What to Wear to Work in the Summer: Enforcing Dress Code
By: Emily Bennington, Monster Contributing Writer
Sheila, a young employee at a large, privately-held call center was wearing a summer top that appeared respectable when standing, but left little to the imagination when she bent over. This temptation proved too strong for her colleague Dave, who reached over and snapped Sheila’s thong one day as she was picking some files off the floor.
While the names above have been changed, this real-life story started out as a “harmless” joke, says Donna Galatas, CEO of HR firm The Galatas Group. It later resulted in an internal investigation, a written warning for Dave and a second round of harassment training for the entire department.
To avoid a similar situation in your own workplace, now is the time to get proactive about having a dress code in place, especially for the summer season. So as we dip our inappropriately exposed toes into warmer weather, here’s what you need to know to “cover” yourself and your employees when creating a dress code policy as part of your small business management.
Avoiding Sins of the Skin
“Summer brings out the ‘sins of the skin’ as I call them,” says Gretchen Gunn, Principal of corporate staffing company MGD Services, Inc.
Gunn, who regularly advises recruits on dress issues for her clients, says there are a few no-go zones that are never appropriate in the workplace, regardless of how hot it is outside.
For ladies, “no-go zones” are bra straps, belly buttons, flip flops, and any revealing tops that showcase what Gunn calls “the girls.” For men, flip flops are also “no-go zones”, as are bare shoulders, shorts, ripped denim, and button down shirts with too many buttons down.
“The appearance of your staff should support an authoritative, credible image in the mind of your customers,” says Gunn. “Unfortunately, it can also undermine that image if you’re not careful.”
Write It Down and Make It Definitive
Without reasonable clothing and appearance guidelines in place, managers are often forced to make subjective judgment calls, e.g. “exposed tattoos are okay except hers, which is too big.” This can lead to inconsistencies or, worse, an appearance of workplace discrimination.
If you are going to make a policy that binds employees to a certain behavior, you should be very precise in your language to avoid any misinterpretation, e.g. all tattoos and piercings must be covered at all times. Even if you make an exception, say, for woman’s earrings, it’s best to be specific about how many earrings are appropriate.
Recently, a global telecommunications company learned the importance of dress code detail when implementing the “four finger rule”, i.e. women’s skirts can be no more than four fingers above the knee. Because their policy didn’t specify how fingers should be placed, though, one staffer reported to work in a skirt that was way too short, saying she thought positioning her fingers diagonally was acceptable.
Where To Start
If you’re looking to develop your own dress code from scratch, the first issues to consider are health and safety. Manufacturing and healthcare organizations, for example, have higher safety concerns than most office environments that should be addressed in detail. As such, the more complex the safety standards are in your industry, the greater your need to consult with a reputable labor and employment attorney to write or review any employment policies that you create.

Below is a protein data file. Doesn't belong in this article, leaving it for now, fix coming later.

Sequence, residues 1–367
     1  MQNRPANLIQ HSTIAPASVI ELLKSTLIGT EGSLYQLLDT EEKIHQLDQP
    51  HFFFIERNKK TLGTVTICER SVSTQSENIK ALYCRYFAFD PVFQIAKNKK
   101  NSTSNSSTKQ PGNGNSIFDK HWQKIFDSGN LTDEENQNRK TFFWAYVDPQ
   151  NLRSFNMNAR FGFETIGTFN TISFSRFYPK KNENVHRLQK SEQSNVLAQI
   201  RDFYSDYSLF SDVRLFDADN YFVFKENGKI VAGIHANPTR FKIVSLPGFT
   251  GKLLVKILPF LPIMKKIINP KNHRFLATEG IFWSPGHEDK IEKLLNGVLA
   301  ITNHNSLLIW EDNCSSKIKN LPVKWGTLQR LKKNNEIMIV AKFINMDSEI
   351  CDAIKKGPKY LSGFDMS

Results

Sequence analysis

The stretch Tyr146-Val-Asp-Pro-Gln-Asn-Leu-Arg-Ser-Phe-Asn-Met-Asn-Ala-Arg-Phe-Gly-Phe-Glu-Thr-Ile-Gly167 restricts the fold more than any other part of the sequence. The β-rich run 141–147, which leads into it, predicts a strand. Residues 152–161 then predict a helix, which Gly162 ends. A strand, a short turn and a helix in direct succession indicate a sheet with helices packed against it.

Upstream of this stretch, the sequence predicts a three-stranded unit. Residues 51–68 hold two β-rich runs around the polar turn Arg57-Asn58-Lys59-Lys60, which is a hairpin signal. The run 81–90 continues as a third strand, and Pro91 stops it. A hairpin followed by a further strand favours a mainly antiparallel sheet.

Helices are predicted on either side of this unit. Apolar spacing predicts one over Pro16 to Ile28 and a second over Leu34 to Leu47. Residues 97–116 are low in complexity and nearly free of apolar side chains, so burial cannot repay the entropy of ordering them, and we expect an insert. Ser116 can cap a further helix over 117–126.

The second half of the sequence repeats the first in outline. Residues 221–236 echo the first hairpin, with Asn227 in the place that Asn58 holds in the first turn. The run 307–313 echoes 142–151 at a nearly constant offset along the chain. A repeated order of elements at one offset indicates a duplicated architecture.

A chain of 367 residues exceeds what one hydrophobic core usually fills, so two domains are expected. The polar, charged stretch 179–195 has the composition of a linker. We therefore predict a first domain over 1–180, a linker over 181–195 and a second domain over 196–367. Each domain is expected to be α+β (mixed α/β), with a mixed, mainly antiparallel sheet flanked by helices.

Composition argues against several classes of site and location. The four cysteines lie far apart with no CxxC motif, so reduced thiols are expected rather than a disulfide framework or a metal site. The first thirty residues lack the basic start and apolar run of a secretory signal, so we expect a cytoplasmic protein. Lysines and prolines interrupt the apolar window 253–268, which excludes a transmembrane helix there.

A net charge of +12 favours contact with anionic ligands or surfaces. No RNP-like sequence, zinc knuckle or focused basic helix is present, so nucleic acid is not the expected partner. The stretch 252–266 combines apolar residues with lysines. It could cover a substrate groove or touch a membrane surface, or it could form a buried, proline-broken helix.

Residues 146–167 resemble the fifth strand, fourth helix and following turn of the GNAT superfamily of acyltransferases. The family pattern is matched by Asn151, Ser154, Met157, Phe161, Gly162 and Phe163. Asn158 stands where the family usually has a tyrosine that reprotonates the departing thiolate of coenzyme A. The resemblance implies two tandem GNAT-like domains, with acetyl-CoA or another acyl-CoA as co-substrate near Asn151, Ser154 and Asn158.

If comprehensive legal fees aren’t in the budget, another option is to hire an attorney to draft only the portions of your dress code that are wrought with legal pitfalls. According to Melanie Berkowitz, a former employment lawyer and principal at GhostWriters legal and business writing company, these include “any items that differentiate between men and women or impact religious dress.”
While Title VII of the Civil Rights Act prohibits any employer discrimination based on gender, race, or religion, these are obviously highly sensitive areas, so it’s best to ensure your policy has been reviewed appropriately to help avoid any legal issues down the road.
Enforcing Your Dress Code Without Raising “Red Flags”
Nine times out of ten, employees understand the purpose of a dress code and a friendly reminder is enough to remedy any usual violations. However, managers should be on guard if staff members react with any “red flag” objections that could be an early sign of trouble.
“Red flags include protests based on union rights,” says Berkowitz, “as well as any religious practice or unfair burden on one sex or race.”
To steer clear of any grumblings, misunderstandings, or potential liabilities in your office, it’s a good idea to send a copy of your organization’s dress code to all employees so everyone knows the rules leading into the summer months. You may even want to have your staff sign a copy, acknowledging that they have received and read it in full. As they say on the field, “the best defense is a good offense,” and that’s the bottom line.
This article does not represent legal advice on behalf of Monster.
Emily Bennington is the coauthor of Effective Immediately: How to Fit In, Stand Out, and Move Up at Your First Real Job. She is also a frequent speaker on the topic of career success and the founder of Professional Studio 365, which provides onboarding products, seminars, and consulting services to new grads and their employers. Emily has been featured in a variety of major news programs and publications. In addition to Monster, Emily is a featured blogger for The Huffington Post and recently launched a new column for Forbes Woman called “Women We Love.”